A window of opportunity: ICRC educates Afghan PWDs in their houses
Wahida was clinically diagnosed to have smallpox disease at her birth. To save her life, the doctors had one choice: to cut her foot. Years later, she lost another foot to war. “I was deprived of education nearly for three years after my foot was injured,” she says.
One of several obstacles every Person with Disability (PWD) faces in Afghanistan is a lack of proper access to education. In the absence of proper education facilities, the PWDs in Afghanistan make a high illiteracy rate. The problem grows larger as the dragging war claims more lives and leaves a large population, including children, with disabilities almost on daily basis.
Shoaib and Idress are two brothers who suffer from muscular dystrophy. They are living in a mud house in Khairkhana neighborhood of Kabul city. The brothers also face a serious problem when it comes to access to education facilities.
To address the problem, the International Committee of Red Cross (ICRC) runs a literacy program known as a home-based schooling program. Under this program, the ICRC has hired Arezo Ibrahimi to teach school subjects to Wahida at her house. Jalaluddin is another ICRC-paid teacher who teaches Shoayb and Idress English language.
In addition to the inherited disease of muscular dystrophy, Shoaib suffers hearing loss too. He can hardly hear through a hearing tool. Six years ago, his feet lost movement. “All of a sudden I became limb six years ago,” he said. His brother, Idress suffers a similar inherited disability. He cannot walk. “I cannot go out. I can only move out to the yard and play,” Idress says.
A window opened in darkness
What worried Wahida a lot was deprivation from education. Four years ago, she saw a number of men and women walking with wands in Karte Sakhi while she was returning from her sister’s house. “I saw persons with disabilities who had wands with the ICRC’s logo. Following that encounter, Wahida went to ICRC headquarter and registered her name in the list of ICRC’s patients under treatment. First, she received two prosthetic legs from the ICRC and then enrolled her name in its home-based schooling program. Wahida studied three school grades through the ICRC’s sponsored program. She is now a 9th school grader. Her teacher, Arezo, takes a long way to teach her at her home.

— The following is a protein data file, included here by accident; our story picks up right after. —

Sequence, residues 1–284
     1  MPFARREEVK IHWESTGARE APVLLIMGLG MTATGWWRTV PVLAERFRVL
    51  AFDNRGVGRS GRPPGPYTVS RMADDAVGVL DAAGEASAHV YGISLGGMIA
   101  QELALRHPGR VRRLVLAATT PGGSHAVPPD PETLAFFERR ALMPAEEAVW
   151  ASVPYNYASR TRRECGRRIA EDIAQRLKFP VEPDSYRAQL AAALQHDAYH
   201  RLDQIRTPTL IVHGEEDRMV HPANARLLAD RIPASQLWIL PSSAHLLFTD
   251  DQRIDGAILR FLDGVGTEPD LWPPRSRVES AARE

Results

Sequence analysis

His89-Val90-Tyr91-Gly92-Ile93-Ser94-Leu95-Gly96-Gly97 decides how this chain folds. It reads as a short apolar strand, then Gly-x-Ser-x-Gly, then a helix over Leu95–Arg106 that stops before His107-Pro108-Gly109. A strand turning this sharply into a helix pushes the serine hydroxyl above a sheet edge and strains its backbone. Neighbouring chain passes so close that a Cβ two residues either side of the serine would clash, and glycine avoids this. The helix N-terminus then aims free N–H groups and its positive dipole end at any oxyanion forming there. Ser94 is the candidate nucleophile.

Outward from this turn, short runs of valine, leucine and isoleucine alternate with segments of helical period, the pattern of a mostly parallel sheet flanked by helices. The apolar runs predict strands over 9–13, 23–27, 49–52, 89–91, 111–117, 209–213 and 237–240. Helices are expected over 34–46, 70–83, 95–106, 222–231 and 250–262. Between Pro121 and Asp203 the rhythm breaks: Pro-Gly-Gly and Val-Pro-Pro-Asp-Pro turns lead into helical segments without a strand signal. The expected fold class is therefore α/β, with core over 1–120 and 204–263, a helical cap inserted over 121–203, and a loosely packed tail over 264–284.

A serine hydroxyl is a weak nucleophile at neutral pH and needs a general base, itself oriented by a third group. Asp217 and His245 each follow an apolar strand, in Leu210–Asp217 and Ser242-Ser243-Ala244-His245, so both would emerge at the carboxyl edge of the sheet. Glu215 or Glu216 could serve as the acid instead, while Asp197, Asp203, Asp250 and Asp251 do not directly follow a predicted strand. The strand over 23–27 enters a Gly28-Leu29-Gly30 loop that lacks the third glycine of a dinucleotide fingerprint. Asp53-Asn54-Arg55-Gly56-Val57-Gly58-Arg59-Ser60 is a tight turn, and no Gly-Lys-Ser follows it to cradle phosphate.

Shuttling between ICRC’s headquarter and her house, Ms. Wahida has now become interested in physiotherapy and consider it as her future career. “I want to be a physiotherapist. But if not possible, I will study psychology.”
Though there is not any legal ban on children with physical disabilities to enroll at state-run or private schools, biased behavior against them and lack of required facilities deprive them of education opportunities.
Shoaib and Idress joined the ICRC’s home-based schooling four years ago. Idress started his home-based education from the 2nd grade and is now in the 6th grade. Shoaib started his home-based schooling in the 4th grade and is now a student of 8th grade.
“We have three teachers who are very kind. We are fully satisfied with them. They explain the lesson as much as we request. We also study until 09:00 PM,” Shoaib expresses his satisfaction with the ICRC-sponsored program.